REAL SCHOOL BUDAPEST
Interview with Noan Fesnoux
Conceived out of the need to build a community of like-minded people and driven to create a more sustainable future, REAL school in Budapest blends different pedagogical approaches into something “uniquely real”.
FSA: Educating for sustainability is important at REAL school… can you tell us more about this?
N: At REAL School we design learning experiences that build fluency in this field either directly or indirectly. The direct ones are low hanging fruit, things like using glacier melt-back data to introduce bar graphs or creating models of solar powered lighting systems. Indirectly, we also cover elements that engage kids in a sustainability mindset. For example, we explored systems inside a video game based on cooking to recognise leverage points, the power of cooperation, and effective communication. All these are pretty key if you want to build a sustainable future, although they don’t scream ‘I am sustainable’.
Next up is the day to day routines the kids are part of. Things like taking our food waste to the composters, planning out the raised beds in our school lot, and eating plant based meals as school lunches. It is not always easy (especially in a culture that appreciates meat so much), but the learning here is real and a lot less pedantic.
Finally, there are structures we have in place that lead to a more sustainable school. One of the most interesting is engaging in democratic decision making with the kids about rules and policies. We still have a long way to go before we really nail this, but it is important to keep the space and respect that agency is actually a pretty key piece of being sustainable. Making choices because you want to, rather than being told to, ultimately leads to a more stable system, and schools are no exception.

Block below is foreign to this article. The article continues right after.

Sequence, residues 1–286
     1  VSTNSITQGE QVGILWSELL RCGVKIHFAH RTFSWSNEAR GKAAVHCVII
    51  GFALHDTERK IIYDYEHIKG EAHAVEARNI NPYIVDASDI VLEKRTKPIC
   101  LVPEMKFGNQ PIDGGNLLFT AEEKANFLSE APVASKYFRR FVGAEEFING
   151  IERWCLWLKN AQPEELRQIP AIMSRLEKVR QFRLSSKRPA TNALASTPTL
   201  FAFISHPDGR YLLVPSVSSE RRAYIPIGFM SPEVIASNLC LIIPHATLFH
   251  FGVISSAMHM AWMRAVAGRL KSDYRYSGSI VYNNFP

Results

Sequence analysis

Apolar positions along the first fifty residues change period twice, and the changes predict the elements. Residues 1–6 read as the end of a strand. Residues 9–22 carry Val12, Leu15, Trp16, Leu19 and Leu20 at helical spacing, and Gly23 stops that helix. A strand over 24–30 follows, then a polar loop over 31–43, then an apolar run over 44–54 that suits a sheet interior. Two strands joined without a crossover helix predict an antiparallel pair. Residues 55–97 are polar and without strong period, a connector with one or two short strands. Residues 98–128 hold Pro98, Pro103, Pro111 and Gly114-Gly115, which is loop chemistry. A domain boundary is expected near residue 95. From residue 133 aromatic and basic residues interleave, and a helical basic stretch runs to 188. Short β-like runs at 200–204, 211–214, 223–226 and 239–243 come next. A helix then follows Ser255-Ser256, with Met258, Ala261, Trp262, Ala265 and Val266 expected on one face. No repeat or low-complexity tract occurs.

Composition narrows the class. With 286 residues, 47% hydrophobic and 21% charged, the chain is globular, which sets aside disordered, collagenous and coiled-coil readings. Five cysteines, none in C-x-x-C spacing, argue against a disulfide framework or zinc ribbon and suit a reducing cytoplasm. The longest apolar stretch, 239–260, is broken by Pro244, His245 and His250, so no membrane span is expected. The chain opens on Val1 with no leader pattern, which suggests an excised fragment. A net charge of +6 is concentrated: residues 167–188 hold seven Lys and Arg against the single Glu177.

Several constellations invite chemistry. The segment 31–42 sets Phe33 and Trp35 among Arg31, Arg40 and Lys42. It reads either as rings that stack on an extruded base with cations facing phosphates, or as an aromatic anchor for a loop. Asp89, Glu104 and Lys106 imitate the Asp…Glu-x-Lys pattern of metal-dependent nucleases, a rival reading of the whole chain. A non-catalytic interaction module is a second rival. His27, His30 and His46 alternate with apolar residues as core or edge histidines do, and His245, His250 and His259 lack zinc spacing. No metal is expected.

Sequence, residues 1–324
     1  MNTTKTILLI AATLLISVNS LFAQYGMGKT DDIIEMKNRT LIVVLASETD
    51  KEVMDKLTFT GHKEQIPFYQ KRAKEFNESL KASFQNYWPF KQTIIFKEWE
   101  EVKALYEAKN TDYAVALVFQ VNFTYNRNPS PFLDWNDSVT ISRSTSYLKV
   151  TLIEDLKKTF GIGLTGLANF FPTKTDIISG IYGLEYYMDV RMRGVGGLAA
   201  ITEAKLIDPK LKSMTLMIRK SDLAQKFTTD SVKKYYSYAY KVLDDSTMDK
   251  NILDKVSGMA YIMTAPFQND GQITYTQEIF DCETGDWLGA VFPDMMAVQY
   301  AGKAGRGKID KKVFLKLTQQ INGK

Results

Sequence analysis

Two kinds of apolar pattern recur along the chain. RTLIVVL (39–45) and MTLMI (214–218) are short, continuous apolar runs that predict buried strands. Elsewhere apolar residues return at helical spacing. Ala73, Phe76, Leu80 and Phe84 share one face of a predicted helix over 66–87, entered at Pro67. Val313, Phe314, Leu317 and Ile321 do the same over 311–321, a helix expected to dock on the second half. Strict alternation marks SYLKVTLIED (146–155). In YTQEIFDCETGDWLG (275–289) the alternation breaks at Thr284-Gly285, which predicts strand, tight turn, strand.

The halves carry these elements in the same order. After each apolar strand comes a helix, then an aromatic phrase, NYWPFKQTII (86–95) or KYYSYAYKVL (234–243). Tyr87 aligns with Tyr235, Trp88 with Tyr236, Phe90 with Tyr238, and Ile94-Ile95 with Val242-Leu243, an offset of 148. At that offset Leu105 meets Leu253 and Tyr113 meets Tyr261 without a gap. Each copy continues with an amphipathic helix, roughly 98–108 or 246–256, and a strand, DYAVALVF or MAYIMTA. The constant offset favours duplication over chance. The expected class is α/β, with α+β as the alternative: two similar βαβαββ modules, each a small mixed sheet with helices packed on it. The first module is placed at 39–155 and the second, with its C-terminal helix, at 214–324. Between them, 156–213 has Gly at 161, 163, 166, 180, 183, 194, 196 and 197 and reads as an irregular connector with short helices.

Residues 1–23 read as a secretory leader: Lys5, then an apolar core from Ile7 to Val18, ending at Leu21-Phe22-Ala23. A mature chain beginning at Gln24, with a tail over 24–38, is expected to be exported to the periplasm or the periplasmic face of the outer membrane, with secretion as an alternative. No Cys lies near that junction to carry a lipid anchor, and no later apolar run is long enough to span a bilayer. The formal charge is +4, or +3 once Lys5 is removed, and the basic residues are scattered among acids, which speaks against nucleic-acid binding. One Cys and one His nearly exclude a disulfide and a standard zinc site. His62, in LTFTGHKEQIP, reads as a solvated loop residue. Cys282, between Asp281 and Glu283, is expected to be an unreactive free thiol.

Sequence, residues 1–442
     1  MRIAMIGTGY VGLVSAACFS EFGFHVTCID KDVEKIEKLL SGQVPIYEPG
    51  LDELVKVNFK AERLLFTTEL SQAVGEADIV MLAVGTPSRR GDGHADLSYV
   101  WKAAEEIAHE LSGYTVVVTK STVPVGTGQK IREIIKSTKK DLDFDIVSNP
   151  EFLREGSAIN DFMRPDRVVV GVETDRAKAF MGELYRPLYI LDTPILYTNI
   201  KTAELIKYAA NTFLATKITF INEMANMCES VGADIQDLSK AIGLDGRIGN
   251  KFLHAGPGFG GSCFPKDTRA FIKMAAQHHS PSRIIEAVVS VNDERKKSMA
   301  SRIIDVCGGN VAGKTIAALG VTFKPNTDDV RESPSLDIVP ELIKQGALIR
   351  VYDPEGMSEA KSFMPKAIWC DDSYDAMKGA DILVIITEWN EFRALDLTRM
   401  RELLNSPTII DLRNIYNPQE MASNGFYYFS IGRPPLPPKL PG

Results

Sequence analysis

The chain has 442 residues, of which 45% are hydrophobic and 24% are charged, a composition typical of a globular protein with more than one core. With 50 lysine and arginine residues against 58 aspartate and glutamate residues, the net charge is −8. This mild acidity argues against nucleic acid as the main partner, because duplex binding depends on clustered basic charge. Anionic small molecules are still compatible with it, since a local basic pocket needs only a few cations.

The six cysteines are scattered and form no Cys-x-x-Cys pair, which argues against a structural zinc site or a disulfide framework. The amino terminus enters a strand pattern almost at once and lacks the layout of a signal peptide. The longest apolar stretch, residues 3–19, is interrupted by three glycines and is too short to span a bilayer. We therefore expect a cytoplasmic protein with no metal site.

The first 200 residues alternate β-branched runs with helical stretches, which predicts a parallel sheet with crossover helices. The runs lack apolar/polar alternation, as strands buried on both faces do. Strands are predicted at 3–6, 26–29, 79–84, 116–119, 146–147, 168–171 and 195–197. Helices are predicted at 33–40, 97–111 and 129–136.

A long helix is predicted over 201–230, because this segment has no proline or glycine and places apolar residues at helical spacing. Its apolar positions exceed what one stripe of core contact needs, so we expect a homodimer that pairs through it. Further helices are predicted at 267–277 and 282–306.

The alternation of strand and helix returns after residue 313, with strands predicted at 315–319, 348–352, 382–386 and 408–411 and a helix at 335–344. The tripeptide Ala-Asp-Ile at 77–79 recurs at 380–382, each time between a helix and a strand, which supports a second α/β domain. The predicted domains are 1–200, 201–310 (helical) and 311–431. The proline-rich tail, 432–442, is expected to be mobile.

FSA: Can you share some insights in how REAL school has designed learning experiences where students drive their own learning?
N: This has been a challenge for us so far. We originally came with the full intention to let students drive their own learning and set about co-creating goals with the students. However, the kids are not used to making independent decisions about this and were easily influenced by one another’s ideas. It takes time to figure out how to coach kids well in this respect. So, we have adjusted this a bit, and gone to a system where students can suggest future projects, which then are co-designed and executed in teams.
FSA: What advice would you give to other schools looking to innovate to help design learning experiences that build connections and allow for collaborative meaning making and problem solving?
N: The advice I have is to take it easy, stretch the learning experience and look for every opportunity to reflect and revisit the experience. The educator needs to quickly adapt as new opportunities arise, new insights on how your students learn best emerge throughout the process. We have a learning expo which presents different things learned by our students at the end of each half term, and one device we have used is to strike out the original planned learning goal and rewrite the new goals that have emerged through the process.